Graham Reid | | 1 min read
From the breathless pace he sets on this hard rocking album you'd never know that Escovedo out of Texas (formerly of Rank and File, a fellow traveller with John Dee Graham, co-writer with Chuck Prophet and now managed by Springsteen's Jon Landau) nearly died a few years ago.
Such is the high regard he is held in by his peers that for a fund-raising tribute album Son Volt, Ian Hunter of Mott the Hoople, Steve Earle, John Cale (who produced Escovedo's The Boxing Mirror of four years ago), Lucinda Williams and others all lined up.
This new album is produced by Tony Visconti (Bowie, and the title track mentions "a tin machine"!) and it is a crisp, stilleto-sharp outing with an edge of rock'n'roll desperation (which for NZ listeners may recall Hello Sailor in their heyday).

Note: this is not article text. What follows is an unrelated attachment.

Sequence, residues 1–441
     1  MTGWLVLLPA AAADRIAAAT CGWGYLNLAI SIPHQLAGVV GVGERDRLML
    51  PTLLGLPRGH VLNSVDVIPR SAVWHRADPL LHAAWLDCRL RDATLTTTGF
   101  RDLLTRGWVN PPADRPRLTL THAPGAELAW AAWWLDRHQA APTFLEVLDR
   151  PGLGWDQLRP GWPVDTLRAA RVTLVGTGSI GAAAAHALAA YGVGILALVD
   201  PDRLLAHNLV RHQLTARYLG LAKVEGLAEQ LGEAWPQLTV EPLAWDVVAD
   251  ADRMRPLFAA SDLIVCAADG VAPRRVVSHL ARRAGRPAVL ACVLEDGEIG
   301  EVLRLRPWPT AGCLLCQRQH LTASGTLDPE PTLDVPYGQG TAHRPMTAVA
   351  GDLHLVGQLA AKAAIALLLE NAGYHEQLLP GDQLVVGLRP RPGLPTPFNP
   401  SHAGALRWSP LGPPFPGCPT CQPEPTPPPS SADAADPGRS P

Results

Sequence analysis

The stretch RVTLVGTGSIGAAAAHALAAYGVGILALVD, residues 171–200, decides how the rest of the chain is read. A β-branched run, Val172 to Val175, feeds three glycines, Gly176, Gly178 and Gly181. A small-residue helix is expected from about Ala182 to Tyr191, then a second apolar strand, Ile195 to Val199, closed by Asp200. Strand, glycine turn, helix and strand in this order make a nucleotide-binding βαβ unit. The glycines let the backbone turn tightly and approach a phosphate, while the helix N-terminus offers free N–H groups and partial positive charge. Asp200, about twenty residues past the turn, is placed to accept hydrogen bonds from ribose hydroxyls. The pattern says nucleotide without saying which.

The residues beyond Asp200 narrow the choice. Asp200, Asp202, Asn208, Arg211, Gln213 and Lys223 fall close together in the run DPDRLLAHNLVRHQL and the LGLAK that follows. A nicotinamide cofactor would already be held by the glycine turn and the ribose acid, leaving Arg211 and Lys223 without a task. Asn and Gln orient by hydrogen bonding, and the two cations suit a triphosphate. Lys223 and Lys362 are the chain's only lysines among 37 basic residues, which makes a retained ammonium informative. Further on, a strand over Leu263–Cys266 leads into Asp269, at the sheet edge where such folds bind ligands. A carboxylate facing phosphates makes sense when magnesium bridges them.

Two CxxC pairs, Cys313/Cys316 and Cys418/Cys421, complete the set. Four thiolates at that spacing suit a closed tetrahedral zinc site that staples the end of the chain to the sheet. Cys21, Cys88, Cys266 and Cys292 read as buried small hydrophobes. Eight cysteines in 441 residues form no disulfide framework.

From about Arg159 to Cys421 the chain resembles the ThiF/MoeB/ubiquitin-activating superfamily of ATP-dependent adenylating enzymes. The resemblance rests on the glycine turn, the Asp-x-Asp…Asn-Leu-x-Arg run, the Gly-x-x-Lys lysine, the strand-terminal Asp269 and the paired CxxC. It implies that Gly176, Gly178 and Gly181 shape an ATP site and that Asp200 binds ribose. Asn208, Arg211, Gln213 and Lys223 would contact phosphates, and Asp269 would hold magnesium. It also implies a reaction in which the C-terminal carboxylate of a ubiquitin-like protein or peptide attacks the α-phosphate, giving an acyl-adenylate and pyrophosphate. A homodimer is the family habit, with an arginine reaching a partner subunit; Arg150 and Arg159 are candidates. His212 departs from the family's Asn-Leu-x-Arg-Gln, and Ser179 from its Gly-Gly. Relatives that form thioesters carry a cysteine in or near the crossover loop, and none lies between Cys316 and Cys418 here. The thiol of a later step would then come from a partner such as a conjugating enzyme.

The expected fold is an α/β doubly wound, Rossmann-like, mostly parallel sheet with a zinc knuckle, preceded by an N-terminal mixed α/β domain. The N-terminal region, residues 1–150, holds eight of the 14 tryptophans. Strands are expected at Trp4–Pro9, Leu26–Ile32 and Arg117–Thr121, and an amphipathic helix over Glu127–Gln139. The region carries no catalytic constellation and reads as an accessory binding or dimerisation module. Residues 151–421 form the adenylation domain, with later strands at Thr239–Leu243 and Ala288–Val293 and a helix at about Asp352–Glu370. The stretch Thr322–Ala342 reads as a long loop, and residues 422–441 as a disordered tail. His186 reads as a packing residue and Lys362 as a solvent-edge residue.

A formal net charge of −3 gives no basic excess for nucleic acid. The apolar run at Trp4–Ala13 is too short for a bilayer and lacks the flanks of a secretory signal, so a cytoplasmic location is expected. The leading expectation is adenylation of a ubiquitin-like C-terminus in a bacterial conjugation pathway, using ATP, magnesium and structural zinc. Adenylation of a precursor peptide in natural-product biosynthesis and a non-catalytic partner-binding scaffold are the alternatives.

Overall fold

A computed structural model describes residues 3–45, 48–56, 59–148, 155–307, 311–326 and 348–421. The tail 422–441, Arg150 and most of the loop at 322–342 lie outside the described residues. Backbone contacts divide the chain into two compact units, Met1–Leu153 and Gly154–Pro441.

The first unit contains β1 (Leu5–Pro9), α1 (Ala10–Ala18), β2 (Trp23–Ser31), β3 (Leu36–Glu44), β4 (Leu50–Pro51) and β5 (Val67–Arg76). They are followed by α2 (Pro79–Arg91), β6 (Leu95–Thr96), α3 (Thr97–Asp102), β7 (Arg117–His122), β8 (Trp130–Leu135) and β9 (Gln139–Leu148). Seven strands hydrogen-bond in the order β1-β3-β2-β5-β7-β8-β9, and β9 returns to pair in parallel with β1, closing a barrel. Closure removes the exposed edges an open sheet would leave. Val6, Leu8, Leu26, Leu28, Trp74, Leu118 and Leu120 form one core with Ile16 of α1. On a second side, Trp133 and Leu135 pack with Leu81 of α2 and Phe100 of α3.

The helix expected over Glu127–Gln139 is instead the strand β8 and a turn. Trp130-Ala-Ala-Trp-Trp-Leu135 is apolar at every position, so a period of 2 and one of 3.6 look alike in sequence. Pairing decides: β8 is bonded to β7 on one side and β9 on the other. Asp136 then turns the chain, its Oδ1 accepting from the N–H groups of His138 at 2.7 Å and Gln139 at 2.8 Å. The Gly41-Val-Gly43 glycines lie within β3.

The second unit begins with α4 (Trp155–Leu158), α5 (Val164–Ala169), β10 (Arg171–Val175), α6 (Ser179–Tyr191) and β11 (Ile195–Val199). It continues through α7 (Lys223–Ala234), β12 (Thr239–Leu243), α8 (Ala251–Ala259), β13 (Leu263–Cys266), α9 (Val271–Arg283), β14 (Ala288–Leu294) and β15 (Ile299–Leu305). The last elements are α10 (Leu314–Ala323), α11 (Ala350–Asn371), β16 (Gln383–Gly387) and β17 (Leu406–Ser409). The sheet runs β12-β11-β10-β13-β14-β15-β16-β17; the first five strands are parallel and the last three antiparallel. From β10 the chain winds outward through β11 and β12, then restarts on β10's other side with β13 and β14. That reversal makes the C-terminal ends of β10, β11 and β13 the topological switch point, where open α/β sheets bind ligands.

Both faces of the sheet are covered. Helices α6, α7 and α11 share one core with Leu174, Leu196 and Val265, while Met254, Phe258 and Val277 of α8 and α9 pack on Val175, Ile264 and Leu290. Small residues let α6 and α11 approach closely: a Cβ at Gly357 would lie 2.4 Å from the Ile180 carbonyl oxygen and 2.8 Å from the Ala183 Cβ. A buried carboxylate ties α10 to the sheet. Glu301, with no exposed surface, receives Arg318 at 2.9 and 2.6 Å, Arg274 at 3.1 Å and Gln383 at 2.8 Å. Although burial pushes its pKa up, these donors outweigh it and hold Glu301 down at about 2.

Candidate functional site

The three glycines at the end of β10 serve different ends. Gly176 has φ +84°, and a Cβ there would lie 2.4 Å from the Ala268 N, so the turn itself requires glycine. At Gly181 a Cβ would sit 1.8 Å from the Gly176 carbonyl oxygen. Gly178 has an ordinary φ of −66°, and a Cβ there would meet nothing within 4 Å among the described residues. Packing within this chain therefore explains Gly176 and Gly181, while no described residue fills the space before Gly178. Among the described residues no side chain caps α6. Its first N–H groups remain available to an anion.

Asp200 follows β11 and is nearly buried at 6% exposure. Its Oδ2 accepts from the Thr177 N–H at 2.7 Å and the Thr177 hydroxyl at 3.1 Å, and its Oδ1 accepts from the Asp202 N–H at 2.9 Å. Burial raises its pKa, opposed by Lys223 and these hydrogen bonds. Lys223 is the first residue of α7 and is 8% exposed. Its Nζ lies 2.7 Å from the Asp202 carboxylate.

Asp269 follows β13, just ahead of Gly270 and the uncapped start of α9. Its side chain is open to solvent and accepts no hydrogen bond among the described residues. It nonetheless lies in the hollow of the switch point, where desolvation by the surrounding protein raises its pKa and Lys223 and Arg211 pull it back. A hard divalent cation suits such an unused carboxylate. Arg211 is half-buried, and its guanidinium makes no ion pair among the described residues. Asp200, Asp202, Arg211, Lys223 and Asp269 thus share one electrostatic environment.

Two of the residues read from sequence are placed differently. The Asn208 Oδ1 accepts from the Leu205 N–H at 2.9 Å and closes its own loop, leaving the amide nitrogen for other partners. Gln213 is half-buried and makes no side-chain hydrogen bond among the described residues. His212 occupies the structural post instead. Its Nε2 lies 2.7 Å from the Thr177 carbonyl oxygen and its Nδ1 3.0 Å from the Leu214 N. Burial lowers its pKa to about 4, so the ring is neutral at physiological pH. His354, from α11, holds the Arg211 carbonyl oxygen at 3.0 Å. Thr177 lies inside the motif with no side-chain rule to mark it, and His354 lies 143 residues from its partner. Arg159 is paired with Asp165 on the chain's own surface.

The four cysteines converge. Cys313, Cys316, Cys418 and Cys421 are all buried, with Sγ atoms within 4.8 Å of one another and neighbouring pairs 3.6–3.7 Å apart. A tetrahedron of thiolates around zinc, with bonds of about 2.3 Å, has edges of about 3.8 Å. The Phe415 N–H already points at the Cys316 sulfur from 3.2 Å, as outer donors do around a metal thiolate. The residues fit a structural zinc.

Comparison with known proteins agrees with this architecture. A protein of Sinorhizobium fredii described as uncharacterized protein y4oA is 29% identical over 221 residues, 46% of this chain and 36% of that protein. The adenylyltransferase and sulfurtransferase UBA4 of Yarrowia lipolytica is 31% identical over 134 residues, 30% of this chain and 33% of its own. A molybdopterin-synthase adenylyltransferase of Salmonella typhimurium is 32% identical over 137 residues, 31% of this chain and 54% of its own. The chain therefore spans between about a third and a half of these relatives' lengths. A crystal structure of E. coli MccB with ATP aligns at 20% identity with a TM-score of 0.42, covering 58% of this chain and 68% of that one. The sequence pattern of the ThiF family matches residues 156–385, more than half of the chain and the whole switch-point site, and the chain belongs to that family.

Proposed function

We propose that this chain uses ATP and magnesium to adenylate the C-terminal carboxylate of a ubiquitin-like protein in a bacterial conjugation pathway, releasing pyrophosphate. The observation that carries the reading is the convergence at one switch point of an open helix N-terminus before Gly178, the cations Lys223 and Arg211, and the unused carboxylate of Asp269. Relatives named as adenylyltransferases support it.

Half are co-writes with Prophet, the band is a tight trio behind Escovedo, Ian Hunter joins him on the backstreet ballad Down in the Bowery, the punk energy which fueled his early years appears everywhere (Tender Heart is anything but), Springsteen turns up for the 18-wheel powerhouse of the life-affirming Faith . . .
There is gentleness here too (After the Meteor Showers is a ballad with two women on backing vocals, Falling Apart With You) and Tula is a stabbing piece of alt.country with an edgy off-kilter funky Tex-Mex beat.
And the rush comes to a close with a gentle guitar instrumental Fort Worth Blue, which you imagine might be the highway song for 2am when Escovedo is driving home alone across the deserts of West Texas after a gig.
Escovedo is probably too far into his career to break into wider attention, but if you like rock'n'roll of the old style (Bob Seger, Petty before the Wilburys, the Replacements etc) then this is your windows-wound-down album.